Thank you Dr. Shangold for your commentary. As an Emergency Physician in the state I completely echo Dr. Shangold’s sentiment. The lack of on call specialist and the exodus of our residents to states with better practice environments is a danger to our citizens and public heath system. Though the issue gets intentionally muddled by trial lawyers and politicians, this is an issue that the public should be aware of and gravely concerned about. If you are unfortunate enough to be in a bad accident and need care beyond that provided by an Emergency Physician, there is a very good chance there is currently no one available to provide it at many of our states hospitals. It’s time to change this and the public needs to be involved.
To answer Michaelend’s comments, the AMA statistics separate out “retired physicians” but do not separate out physicians with licenses who do not actively treat patients on a full time basis. This includes those retired with active licenses, researchers, those who work for insurance companies, and educators, all of which are disproportionally represented in our state. Finally, I’m not entirely certain, but believe that the AMA statistics also include residents and fellows of which our state has a large percentage, but whom leave our state after training at a rate higher than most other states. Regardless of the composition of the statistics though, the gross number of physicians in the state is completely separate from the on-call crisis detailed in this post. It makes no difference if the ratio of patients to physicians is 1-1 if the physicians are not available or are disincentivized by our legal system from taking call.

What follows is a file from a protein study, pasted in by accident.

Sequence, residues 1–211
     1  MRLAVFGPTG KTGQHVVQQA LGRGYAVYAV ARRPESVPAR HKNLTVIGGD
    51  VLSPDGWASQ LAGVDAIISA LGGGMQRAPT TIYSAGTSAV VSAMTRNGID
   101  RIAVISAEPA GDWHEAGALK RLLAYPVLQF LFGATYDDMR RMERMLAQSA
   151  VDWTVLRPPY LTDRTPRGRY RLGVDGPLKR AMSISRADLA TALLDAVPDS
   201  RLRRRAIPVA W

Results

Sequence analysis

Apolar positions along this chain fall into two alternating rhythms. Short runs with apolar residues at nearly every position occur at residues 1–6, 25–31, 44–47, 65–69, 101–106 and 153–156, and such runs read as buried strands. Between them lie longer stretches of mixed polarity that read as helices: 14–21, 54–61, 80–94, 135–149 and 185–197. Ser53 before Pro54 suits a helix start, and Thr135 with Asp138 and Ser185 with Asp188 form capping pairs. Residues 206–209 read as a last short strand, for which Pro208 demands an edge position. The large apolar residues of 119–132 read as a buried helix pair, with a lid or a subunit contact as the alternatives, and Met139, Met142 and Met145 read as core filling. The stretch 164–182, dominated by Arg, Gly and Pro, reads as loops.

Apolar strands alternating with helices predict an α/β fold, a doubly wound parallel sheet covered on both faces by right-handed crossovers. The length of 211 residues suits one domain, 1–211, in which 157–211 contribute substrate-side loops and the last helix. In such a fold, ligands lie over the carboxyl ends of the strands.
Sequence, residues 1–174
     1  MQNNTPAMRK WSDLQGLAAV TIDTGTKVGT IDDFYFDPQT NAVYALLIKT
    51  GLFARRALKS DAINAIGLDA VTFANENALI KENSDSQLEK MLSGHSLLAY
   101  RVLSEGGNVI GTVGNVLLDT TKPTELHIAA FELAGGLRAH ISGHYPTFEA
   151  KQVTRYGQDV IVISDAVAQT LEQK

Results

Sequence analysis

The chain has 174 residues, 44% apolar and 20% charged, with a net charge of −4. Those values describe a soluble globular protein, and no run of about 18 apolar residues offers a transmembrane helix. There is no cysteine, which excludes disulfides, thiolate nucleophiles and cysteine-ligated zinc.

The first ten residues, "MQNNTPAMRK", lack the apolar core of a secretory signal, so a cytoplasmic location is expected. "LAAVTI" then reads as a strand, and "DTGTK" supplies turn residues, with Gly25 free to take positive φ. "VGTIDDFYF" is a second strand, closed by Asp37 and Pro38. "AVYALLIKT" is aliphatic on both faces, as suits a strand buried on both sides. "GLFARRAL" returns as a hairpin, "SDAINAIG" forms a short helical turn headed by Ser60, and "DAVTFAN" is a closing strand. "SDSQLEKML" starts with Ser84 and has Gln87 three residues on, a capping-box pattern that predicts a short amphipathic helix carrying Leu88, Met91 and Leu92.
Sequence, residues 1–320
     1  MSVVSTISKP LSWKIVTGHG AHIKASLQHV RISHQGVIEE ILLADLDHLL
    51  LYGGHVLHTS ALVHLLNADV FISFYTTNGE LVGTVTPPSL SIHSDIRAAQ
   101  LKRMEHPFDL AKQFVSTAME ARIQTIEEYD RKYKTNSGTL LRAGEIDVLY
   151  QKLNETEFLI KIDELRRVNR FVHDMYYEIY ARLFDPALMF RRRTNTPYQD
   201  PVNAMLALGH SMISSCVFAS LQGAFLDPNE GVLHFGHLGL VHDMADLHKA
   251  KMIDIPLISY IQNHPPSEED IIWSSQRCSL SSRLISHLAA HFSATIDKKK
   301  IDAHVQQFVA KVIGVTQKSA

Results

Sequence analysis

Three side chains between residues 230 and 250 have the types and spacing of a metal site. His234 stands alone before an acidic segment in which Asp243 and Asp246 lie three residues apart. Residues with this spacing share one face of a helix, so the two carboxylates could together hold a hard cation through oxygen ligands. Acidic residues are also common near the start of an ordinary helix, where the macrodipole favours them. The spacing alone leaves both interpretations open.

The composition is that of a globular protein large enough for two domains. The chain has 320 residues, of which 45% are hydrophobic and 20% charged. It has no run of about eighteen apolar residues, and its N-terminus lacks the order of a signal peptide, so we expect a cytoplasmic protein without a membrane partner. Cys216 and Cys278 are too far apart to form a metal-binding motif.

posted by: michaelend | April 11, 2013  12:51pm

My point is that there are only four states with a higher number of practicing doctors per population than Connecticut.  The AMA uses the same system for each state, showing the total number of licensed doctors in a state and the number of those doctors who treat patients.  There are 437 doctors per 100,000 people in CT, of which 329 are treating patients.  When the AMA compared the number of doctors per 100,000 people who treat patients, CT was the fifth best state.  Think about the citizens of Oklahoma, where there are 163 doctors in patient care per 100,000 people.  That is less than half the number in CT.  The data seem to show that CT is in relatively good shape when it comes to the number of doctors per population.